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16 - 21 May 2010

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egress slipway up the sea wall from the beach, only about 250 metres from the guesthouse, which I had spotted in 2009. It was therefore easy to unload my Raptor, install the carts and wheel it up to the road at the top of the sea wall (the A814), which runs along the eastern shore of Loch Long. I then reloaded my boat and parked it in a convenient space 60 metres away, leaving the slipway free for the others to use. We started to attract quite a crowd of onlookers as we prepared our boats for the short portage to the guesthouse. People were enjoying the start of their weekend, leaning on the sea wall, eating ice cream cones and watching the unusual spectacle. Once all ready,

we set off in convoy towards Fascadail House, which we reached shortly before 6 p.m., and the proprietor (Kevin Bax) showed us where we could park our boats overnight. I was surprised at how difficult it had been to wheel my Raptor up the slightly inclined road to the driveway entrance, which augured badly for the long portage I faced the following day. It was also stern heavy so I experimented that evening and found that strapping my largest dry bag (containing tent, air bed and sleeping bag) to the deck forward of the mast helped balance things. John was also concerned about the portage and obtained Kevin's permission to leave some of his cargo behind at the guesthouse and return for it the next

Fascadail House.

day in his car. We were able to leave things we didn't need overnight in a dry room on the ground floor, which reduced clutter in the family room that we shared. This contained two single beds and a sofa bed (Andy drew the short straw) and was the cheapest option for our one night stay in Arrochar (GBP65 split three ways, breakfast not included). It was also convenient due to its location on Church Road (the B838), which provided us with a less busy exit route from Arrochar the following day. After we had all enjoyed the luxury of warm showers, we treated ourselves to a meal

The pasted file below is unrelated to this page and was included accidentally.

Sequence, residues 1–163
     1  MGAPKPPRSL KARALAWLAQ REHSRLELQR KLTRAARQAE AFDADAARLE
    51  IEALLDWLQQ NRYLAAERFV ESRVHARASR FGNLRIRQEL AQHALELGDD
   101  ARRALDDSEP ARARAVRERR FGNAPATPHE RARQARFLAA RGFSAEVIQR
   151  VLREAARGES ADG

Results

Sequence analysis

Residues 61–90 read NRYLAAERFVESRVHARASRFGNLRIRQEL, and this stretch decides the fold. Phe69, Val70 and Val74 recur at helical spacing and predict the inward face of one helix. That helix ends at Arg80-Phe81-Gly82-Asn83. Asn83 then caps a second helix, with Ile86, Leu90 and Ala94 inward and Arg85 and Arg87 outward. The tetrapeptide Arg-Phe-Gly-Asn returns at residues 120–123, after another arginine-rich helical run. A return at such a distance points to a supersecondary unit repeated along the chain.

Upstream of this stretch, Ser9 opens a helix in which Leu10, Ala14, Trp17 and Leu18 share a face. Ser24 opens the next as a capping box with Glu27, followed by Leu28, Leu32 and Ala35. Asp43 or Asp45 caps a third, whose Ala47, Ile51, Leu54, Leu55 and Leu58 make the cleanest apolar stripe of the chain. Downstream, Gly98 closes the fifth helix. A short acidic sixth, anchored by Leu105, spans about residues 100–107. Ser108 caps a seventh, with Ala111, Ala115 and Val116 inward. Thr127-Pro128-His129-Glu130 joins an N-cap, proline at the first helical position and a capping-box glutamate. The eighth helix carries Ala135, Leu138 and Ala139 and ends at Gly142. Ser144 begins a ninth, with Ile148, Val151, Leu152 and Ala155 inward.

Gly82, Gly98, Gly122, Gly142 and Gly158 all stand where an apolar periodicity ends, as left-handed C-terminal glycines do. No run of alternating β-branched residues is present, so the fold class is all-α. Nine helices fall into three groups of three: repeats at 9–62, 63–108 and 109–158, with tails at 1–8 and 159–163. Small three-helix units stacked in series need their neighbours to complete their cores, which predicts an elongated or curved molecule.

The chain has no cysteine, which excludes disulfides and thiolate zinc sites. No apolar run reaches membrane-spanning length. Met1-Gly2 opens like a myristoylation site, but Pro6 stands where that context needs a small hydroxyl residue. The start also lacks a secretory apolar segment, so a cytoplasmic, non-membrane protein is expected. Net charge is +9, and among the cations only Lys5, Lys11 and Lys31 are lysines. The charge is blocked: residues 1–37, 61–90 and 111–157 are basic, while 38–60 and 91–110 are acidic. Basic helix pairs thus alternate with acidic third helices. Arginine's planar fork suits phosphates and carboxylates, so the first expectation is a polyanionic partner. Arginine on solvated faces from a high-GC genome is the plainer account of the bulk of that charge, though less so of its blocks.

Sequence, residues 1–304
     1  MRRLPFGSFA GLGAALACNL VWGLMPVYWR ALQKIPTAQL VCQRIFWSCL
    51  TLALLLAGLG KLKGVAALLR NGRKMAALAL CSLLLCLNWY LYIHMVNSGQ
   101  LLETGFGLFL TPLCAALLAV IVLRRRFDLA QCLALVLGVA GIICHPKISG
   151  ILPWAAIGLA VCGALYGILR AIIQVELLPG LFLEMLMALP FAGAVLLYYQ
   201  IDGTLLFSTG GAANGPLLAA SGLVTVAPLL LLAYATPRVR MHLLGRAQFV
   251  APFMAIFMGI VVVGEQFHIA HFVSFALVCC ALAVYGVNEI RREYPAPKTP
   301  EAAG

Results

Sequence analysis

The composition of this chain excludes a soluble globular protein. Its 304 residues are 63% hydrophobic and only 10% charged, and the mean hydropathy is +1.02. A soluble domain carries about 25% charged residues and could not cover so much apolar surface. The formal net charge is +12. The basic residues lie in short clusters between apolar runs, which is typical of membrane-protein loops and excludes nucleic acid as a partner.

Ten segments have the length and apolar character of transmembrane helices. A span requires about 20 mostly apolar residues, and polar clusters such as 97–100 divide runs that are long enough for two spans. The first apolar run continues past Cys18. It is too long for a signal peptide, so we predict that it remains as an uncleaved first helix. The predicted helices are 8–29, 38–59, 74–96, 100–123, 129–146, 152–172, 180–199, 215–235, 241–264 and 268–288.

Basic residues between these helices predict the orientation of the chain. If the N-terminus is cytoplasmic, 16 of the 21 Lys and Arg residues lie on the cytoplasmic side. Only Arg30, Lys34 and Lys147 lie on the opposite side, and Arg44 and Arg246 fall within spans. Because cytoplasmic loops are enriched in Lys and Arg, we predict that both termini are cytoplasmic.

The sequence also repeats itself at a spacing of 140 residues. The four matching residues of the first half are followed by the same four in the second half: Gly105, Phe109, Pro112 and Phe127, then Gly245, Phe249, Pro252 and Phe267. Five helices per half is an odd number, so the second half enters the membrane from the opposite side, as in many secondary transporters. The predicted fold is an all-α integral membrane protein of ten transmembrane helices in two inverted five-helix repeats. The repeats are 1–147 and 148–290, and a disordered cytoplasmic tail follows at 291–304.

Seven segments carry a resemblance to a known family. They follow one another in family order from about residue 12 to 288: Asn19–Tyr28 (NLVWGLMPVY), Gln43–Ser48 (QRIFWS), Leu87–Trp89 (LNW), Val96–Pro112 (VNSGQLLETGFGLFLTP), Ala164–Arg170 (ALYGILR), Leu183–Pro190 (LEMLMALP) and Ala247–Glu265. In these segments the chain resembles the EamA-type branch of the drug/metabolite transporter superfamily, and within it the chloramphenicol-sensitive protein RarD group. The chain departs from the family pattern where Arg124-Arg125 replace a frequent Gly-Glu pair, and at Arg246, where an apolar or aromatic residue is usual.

at the nearby (and surprisingly busy) Village Inn (GBP17 each, including drinks and tip). Kevin had phoned ahead to book us a table, so we didn't have to queue and the food arrived quickly.

Village Inn, Arrochar.

The fifth day's track.

Video clip: Large/small

Friday, 21 May
Daily journey distance (approx.): 15 km (9 miles)
I was up by 6 a.m. and we were on our way before 7:15 a.m., having decided not to pay for

breakfast. I wanted to try and complete the portage to Tarbet before traffic became too heavy on the A83, as I was concerned that my Raptor, being so much wider than the monohulls, could cause an obstruction to traffic on this busy road. It turned out to be a forlorn hope. I was already exhausted by the time I had wheeled my boat 150 metres up the first, steeply inclined section of Church Road. I could hear water sloshing about inside either the ama or main hull, which didn't help, but it was too late to do anything about it. I pressed on for another couple of hundred metres before realising that a new approach was required. I decided to lighten my boat's load and so removed the two heaviest dry bags and

Arrochar portage.

followed Andy carrying these, while John remained with the Raptor. I left the two bags with Andy at the intersection of Church Road with the A83 and returned for my Raptor. John and I then joined Andy with our boats. My Raptor was still not easy to wheel, even with the lighter load but it was Andy who spotted the reason: the port side wheel of the main hull's Molly cart was rubbing against the hull and had been acting as a brake. It had already rubbed away the blue gel coat and exposed the underlying material of my Raptor's hull. We adjusted the cart's position and hoped that the cart would now be OK. The next section of road would be the last steep upward incline of the pass so I decided to make two cargo runs (with the four heaviest bags) before returning for my Raptor. I had hoped that things should be easier from then on but wheeling my Raptor was still difficult, so I continued the remainder of the crossing in the same manner, making two cargo runs each stage before returning for my Raptor. I therefore ended up walking about four times the distance of the other two, over 14 km (7 miles) in total. The problem was that the cart kept slipping and the wheel

Portage still difficult.

Swap carts around.

Carrying cargo first...

..then portage Raptor.

continued to rub on the hull. Half way through the portage, as we were arriving in the outskirts of Tarbet, I decided to investigate further and removed the cart from the main hull. We then saw that

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